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What We're Reading, Jan. 12 - 18

This week, a novel asks, does God exist? David Malouf re-imagines an episode from Homer's Iliad, and surgeon-writer Atul Gawande offers a simple solution for the complicated problem of healing patients. Also, a memoir of life and linguistics amid an Amazon tribe.


36 Arguments For The Existence of God

A Work of Fiction

By Rebecca Newberger Goldstein

Protagonist Cass Seltzer's surname suits both his disposition and the overall tone of this bubbly academic comedy. Cass is a religious-studies professor at an obscure university when the winds of academic fashion suddenly blow his way. His book hits the best-seller list and he becomes an overnight celebrity, "the atheist with a soul," as Time magazine dubs him. Rebecca Newberger Goldstein's novel cuts back and forth between Cass' sunny present and his past as a struggling grad student in thrall to his mentor, the blow-hard genius and "Extreme Distinguished Professor" Jonas Elija Klapper ("The Klap," to Cass's then-girlfriend). Author Goldstein is a real-life philosopher and MacArthur "genius" who has written nonfiction works on the Jewish thinker and biblical scholar Spinoza as well as mathematician Kurt Godel. These passions — for philosophy, math, religion and Jewish studies — are all on display in 36 Arguments, along with Goldstein's sharp wit and talent for snappy dialog.


Hardcover, 416 pages, Pantheon, List price: $27.95, pub. date: Jan. 12


A Novel

By David Malouf


In Ransom the Australian novelist David Malouf (Remembering Babylon, An Imaginary Life) reimagines on one of the great sequences in Homer, and, many would say, in all of Western literature. This is one of the so-called Embassy sections of the Iliad, when Priam, king of the soon-to-be-defeated Trojans, crosses the battle lines in disguise to plead with warrior Achilles for the body of his son Hector, whom Achilles has just slaughtered in combat. The novel extends from Priam's first resolve to retrieve Hector's body to his meeting with Achilles in the latter's battle tent at dawn. Priam and the mule driver he has commanded to work for him haul a cartload of Troy's gold treasures he hopes to exchange for the corpse of the late Trojan warrior. You've seen the movie? Now read the novel made from one of the foundation poems of our culture.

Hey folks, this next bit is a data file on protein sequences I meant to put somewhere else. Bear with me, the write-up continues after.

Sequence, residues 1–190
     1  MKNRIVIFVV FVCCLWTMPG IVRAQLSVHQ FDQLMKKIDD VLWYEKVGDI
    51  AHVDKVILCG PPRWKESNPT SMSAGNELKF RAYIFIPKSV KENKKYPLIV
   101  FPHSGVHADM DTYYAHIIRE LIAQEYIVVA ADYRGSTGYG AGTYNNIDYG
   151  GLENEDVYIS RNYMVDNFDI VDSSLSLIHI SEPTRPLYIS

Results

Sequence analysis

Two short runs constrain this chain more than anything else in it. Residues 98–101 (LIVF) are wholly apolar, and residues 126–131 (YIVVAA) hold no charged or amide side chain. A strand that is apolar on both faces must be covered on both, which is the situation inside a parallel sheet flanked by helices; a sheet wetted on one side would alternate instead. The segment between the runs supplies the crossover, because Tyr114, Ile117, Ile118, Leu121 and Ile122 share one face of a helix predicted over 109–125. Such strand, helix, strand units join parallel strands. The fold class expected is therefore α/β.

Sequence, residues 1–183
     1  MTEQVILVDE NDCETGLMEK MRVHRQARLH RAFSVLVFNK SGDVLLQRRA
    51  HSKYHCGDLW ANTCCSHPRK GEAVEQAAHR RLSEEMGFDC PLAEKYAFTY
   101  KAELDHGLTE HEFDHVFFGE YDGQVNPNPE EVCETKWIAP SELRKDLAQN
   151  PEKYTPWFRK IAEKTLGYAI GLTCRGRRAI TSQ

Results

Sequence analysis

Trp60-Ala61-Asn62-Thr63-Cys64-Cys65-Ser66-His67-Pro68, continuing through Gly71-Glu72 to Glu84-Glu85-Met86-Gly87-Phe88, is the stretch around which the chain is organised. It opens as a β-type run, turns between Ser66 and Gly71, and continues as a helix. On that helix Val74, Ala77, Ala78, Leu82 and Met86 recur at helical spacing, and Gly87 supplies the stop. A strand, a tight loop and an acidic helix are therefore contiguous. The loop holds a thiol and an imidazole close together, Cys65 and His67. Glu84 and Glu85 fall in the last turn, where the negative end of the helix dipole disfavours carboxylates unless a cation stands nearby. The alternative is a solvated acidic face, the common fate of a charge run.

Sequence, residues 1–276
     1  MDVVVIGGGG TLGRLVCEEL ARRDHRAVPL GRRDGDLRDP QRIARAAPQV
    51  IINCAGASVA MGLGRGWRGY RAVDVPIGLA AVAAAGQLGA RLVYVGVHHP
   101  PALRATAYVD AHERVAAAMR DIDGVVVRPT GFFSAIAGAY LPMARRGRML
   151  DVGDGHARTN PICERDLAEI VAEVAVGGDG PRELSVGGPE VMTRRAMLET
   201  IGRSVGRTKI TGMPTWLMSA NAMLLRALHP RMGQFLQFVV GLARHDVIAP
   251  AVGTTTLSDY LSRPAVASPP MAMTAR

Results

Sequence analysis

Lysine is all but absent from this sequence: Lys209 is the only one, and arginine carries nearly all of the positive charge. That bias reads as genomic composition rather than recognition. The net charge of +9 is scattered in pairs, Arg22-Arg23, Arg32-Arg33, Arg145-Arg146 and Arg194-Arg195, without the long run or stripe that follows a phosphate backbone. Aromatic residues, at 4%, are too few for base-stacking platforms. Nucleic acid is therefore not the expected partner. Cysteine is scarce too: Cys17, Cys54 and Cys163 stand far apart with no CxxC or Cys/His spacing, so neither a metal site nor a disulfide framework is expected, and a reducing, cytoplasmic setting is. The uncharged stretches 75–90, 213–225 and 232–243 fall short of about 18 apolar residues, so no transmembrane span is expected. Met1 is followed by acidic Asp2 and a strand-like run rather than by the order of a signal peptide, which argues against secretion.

Hardcover, 240 pages, Pantheon, list price: $24, Pub. date: Jan. 5

The Checklist Manifesto

How To Get Things Right


By Atul Gawande

Surgeon and writer Atul Gawande's crusade seems utterly mundane at first: He wants surgeons to use checklists to help them avoid mistakes caused by fatigue, flagging attention and other factors. Using anecdotes from aviation, construction and medicine, Gawande sets out to demonstrate that routine works wonders, even though checklists require the putting aside of pride and of surgeons' mystique of infallibility. Ultimately, he even brings the book back to "Sully" Sullenberger's landing of a plane in the Hudson River, creating a compelling case for an idea so simple that the hardest task he may face is convincing people of its importance.

Hardcover, 224 pages, Metropolitan Books, list price: $24.50, pub. date: Dec. 22

Don't Sleep, There Are Snakes

Life and Language in the Amazonian Jungle

By Daniel L. Everett

Linguistics professor Daniel Everett touched off an academic firestorm in 2005 when he described a tribe of Amazonian Indians with a language unlike any other. Everett argued that the language of the Piraha Indians does not follow the rules of "universal grammar" laid out by linguists, including Noam Chomsky. But Don't Sleep, There are Snakes is far from a dry linguistics treatise. Everett was a missionary when he and his family arrived in the Amazon in the 1970s. He set out to convert the Piraha, a tribe of several hundred people in central Brazil who have no counting system, no personal property and a language that can be whistled as well as spoken. Over the next 30 years, Everett befriended the Piraha, became a prominent linguist, nearly lost two family members to malaria, battled giant anacondas and ultimately abandoned Christianity. Everett's book offers a highly personal account of how the Piraha changed him — and his assumptions about the nature of language.

Paperback (reissue), 320 pages, Vintage, list price: $16, pub.date: Nov. 3

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